A quick thought for tonight… Something that my partner, Janet, and I like to say is that we are “non-theists” rather than “atheists”. Certainly we are atheists in a technical sense—we do not believe that god(s) exist. But right or wrong, atheism has come to mean more than that simple statement. For many, I suspect it also indicates an anti-religious attitude or at least an absence of religion. And those things do not quite describe us.
I make the distinction because I agree with religion professor Loyal Rue when he asserts that humans acquire meaning in the form of narratives. As such, religions can be seen as more than systems of beliefs and practices, but as cultural narratives that provide meaning, guidance, and a sense of identity. For example, it isn’t enough to simply have a list of things that are important—religions must also tell stories that explain why they are important. And on a deeper level, religion tells the human story, the narrative of who we are as a people and how we fit in the larger world.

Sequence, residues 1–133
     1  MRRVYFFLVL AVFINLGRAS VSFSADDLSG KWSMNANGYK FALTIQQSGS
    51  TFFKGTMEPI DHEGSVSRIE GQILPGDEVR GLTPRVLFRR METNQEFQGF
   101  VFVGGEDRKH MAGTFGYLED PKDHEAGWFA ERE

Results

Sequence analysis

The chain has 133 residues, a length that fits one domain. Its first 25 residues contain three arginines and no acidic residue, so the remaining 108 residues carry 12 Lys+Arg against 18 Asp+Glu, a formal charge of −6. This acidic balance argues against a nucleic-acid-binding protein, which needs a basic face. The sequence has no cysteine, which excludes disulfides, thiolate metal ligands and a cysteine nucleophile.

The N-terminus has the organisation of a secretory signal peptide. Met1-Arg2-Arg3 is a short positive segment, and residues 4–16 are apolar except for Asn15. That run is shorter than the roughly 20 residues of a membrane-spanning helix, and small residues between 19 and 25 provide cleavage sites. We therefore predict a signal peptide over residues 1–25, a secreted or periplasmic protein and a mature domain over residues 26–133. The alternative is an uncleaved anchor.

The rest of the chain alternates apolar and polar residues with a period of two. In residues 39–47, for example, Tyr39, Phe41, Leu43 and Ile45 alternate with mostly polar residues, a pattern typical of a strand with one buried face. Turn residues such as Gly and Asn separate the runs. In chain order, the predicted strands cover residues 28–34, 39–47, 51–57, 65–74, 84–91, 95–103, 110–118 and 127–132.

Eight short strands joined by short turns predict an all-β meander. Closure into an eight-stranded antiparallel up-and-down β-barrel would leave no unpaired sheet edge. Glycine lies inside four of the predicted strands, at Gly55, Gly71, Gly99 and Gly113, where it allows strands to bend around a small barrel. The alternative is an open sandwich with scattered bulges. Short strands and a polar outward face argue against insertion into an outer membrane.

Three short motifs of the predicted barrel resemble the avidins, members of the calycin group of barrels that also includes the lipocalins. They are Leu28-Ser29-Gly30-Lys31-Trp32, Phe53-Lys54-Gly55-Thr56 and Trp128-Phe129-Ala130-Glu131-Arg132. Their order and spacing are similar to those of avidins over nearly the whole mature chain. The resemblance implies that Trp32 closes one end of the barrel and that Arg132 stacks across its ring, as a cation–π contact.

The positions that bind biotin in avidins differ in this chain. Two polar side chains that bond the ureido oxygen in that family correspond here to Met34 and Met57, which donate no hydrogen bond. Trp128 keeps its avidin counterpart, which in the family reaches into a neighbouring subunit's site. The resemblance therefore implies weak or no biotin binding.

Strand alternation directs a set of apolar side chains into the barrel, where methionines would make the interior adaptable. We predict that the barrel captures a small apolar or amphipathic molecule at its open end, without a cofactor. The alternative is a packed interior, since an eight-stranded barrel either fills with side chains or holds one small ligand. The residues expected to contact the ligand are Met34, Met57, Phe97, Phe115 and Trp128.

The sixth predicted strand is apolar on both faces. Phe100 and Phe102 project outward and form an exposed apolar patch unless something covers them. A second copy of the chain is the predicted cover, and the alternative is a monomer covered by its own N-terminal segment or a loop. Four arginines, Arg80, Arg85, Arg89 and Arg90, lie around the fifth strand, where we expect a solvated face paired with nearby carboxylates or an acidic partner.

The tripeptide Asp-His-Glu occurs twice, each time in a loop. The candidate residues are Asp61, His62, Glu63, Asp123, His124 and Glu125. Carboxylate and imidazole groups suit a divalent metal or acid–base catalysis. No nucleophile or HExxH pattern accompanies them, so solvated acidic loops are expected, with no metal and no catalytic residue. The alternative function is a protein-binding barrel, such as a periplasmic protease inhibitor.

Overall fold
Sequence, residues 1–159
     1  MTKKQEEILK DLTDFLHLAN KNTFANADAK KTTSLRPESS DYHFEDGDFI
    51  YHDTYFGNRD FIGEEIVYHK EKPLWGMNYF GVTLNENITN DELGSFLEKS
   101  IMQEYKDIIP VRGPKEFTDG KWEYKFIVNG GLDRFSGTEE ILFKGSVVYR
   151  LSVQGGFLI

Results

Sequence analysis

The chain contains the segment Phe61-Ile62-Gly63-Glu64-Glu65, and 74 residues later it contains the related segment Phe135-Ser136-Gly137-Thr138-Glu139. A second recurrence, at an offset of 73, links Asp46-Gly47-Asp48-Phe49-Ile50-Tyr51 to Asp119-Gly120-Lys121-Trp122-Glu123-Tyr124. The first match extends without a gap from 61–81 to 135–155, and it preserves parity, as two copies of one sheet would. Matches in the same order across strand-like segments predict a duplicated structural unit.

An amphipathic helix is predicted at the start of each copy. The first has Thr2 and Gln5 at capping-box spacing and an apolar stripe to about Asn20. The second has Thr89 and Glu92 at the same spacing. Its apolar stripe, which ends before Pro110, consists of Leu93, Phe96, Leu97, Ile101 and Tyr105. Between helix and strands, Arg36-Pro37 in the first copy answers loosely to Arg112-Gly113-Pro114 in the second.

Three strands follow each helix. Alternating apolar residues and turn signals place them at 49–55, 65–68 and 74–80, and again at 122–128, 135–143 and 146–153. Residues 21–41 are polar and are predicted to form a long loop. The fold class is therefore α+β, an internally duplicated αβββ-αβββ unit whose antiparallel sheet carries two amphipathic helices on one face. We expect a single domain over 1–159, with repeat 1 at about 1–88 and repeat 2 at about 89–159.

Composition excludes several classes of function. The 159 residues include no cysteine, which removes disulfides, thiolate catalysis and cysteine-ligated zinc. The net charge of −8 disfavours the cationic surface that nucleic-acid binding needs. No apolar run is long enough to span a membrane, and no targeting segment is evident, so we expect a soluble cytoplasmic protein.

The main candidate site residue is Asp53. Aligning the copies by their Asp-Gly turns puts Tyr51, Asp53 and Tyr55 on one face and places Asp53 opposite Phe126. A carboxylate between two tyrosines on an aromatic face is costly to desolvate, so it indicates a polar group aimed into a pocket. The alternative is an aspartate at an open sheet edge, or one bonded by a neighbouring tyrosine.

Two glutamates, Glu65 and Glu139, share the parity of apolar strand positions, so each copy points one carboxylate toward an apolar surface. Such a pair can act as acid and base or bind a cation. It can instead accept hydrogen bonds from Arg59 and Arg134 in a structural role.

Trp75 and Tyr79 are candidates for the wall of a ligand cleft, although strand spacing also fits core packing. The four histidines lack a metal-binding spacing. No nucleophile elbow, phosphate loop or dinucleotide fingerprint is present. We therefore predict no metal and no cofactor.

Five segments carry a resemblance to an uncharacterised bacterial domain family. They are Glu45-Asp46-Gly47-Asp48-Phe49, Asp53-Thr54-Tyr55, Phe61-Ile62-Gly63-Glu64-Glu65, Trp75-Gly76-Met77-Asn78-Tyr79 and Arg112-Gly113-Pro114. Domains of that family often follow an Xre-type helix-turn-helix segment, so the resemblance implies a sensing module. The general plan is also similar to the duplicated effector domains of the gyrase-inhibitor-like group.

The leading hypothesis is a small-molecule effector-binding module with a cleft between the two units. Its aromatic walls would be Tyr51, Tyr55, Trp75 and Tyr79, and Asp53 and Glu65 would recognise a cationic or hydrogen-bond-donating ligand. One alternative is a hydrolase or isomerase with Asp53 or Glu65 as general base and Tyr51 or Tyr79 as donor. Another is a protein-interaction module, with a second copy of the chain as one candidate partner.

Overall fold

I might be a non-theist, but I am not non-religious. I believe that it is possible to develop a robust system of ideals, practices, ethics, and narrative meaning that serve all the primary functions of religion without any need for supernatural elements. In fact, that is exactly what we are trying to do with Sacred River, and what has already begun with the bourgeoning Religious Naturalism movement.
This is not to say that I do not respect those who apply the term atheist to themselves. By some accounts, there are as many as 700 million to one billion non-believers out there. That’s a lot—by comparison, there are approximately 900m Hindus, 375m Buddhists, and 14m Jews. Technically, I am of their number, but I want to see religion reformed rather than abolished. And a big part of that will be spreading the perspective that religion does not need God.